A parser generator is a program that takes as input a specification of a syntax, and produces as output a procedure for recognizing that language. Historically, they are also called compiler-compilers. YACC (yet another compiler-compiler) is an LALR(LookAhead, Left-to-right, Rightmost derivation producer with 1 lookahead token) parser generator. YACC was originally designed for being complemented by Lex.

  • Lex (A Lexical Analyzer Generator) helps write programs whose control flow is directed by instances of regular expressions in the input stream. It is well suited for editor-script type transformations and for segmenting input in preparation for a parsing routine.

bioawk features

  • It can automatically recognize some popular formats and will parse different features associated with those formats. The format option is passed to bioawk using -c arg flag. Here arg can be bed, sam, vcf, gff or fastx (for both fastq and FASTA). It can also deal with other types of table formats using the -c header option. When header is specified, the field names will used for variable names, thus greatly expanding the utility.`
  • There are several built-in functions (other than the standard awk built-ins), that are specific to biological file formats. When a format is read with bioawk, the fields get automatically parsed. You can apply several functions on these variables to get the desired output. Let’s say, we read fasta format, now we have $name and $seq that holds sequence name and sequence respectively. You can use the print function (awk built-in) to print $name and $seq. You can also use bioawk built-in with the print function to get length, reverse complement etc by using '{print length($seq)}'. Other functions include reverse, revcomp, trimq, and, or, xor etc.
Variables for each format

For the -c you can either specify bed, sam, vcf, gff, fastx or header. bioawk will parse these variables for the respective format. If -c header is specified, the field names (first line) will be used as variables (spaces and special characters will be changed to under_score).

bed sam vcf gff fastx
chrom qname chrom seqname name
start flag pos source seq
end rname id feature qual
name pos ref start comment
score mapq alt end
strand cigar qual score
thickstart rnext filter filter
thickend pnext info strand
rgb tlen group
blockcount seq attribute
blocksizes qual

bioawk is not a default linux/unix utility. .i.e. Has to be installed. This is available as a module on NeSI HPC platforms which can be loaded with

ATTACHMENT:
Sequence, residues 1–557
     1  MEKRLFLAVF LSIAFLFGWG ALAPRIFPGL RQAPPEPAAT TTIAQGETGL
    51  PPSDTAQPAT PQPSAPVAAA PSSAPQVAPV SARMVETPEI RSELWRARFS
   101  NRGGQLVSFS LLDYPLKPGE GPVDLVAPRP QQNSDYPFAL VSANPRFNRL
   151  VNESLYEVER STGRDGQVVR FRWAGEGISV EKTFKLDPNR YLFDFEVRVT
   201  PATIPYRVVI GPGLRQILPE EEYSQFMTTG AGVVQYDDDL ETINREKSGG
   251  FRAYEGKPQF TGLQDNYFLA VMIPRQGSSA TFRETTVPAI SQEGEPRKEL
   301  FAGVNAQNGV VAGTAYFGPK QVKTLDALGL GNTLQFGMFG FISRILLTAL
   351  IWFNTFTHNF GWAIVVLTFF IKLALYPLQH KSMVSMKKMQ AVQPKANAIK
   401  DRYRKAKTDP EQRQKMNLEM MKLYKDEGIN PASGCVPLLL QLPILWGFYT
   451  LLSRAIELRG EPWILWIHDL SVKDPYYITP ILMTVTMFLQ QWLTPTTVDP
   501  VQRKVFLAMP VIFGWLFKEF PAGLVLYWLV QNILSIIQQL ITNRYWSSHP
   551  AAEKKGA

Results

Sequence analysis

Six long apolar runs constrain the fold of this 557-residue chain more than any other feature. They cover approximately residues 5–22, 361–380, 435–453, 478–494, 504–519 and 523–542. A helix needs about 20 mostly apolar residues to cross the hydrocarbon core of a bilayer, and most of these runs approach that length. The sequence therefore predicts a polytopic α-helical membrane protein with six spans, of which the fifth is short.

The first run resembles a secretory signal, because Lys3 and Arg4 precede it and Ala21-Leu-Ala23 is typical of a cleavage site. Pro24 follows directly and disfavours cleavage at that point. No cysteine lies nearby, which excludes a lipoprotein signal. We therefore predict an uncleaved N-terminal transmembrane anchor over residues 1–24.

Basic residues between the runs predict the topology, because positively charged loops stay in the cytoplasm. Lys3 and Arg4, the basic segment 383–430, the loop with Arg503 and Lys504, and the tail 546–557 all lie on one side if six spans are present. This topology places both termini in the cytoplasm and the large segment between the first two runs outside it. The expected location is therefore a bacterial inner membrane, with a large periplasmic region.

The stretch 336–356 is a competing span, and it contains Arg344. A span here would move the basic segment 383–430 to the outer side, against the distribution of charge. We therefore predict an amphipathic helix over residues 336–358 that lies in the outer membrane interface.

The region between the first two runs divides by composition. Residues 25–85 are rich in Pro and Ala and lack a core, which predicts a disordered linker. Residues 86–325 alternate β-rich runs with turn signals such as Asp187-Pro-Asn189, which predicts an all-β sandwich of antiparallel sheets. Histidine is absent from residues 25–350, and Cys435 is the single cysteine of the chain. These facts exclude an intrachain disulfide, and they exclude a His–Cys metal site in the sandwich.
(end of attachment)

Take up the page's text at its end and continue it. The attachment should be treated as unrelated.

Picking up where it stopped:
module load bioawk/1.0

The basic idea of Bioawk is that we specify what bioinformatics format we’re working with, and Bioawk will automatically set variables for each field (just as regular Awk sets the columns of a tabular text file to $1, $1, $2, etc.). For Bioawk to set these fields, specify the format of the input file or stream with -c. Let’s look at Bioawk’s supported input formats and what variables these formats set:


usage: bioawk [-F fs] [-v var=value] [-c fmt] [-tH] [-f progfile | 'prog'] [file ...]
bioawk -c help
   1:chrom 2:start 3:end 4:name 5:score 6:strand 7:thickstart 8:thickend 9:rgb 10:blockcount 11:blocksizes 12:blockstarts 
   1:qname 2:flag 3:rname 4:pos 5:mapq 6:cigar 7:rnext 8:pnext 9:tlen 10:seq 11:qual 
   1:chrom 2:pos 3:id 4:ref 5:alt 6:qual 7:filter 8:info 
   1:seqname 2:source 3:feature 4:start 5:end 6:score 7:filter 8:strand 9:group 10:attribute 
   1:name 2:seq 3:qual 4:comment 

As an example of how this works, let’s read in example.bed and append a column with the length of the feature (end position - start position) for all protein coding genes:


bioawk -c gff '$3 ~ /gene/ && $2 ~ /protein_coding/ {print $seqname,$end-$start}' Mus_musculus.GRCm38.75_chr1.gtf | head -n 4
1  465597
1  16807
1  5485
1  12533

Bioawk is also quite useful for processing FASTA/FASTQ files. For example, we could use it to turn a FASTQ file into a FASTA file:


bioawk -c fastx '{print ">"$name"\n"$seq}' SRR097977.fastq | head -n 4

Note that Bioawk detects whether to parse input as FASTQ or FASTA when we use -c fastx.

Bioawk can also serve as a method of counting the number of FASTQ/FASTA entries:

bioawk -c fastx 'END{print NR}' SRR097977.fastq 

Bioawk’s function revcomp() can be used to reverse complement a sequence:

bioawk -c fastx '{print ">"$name"\n"revcomp($seq)}' SRR097977.fastq | head -n 4

Back to homepage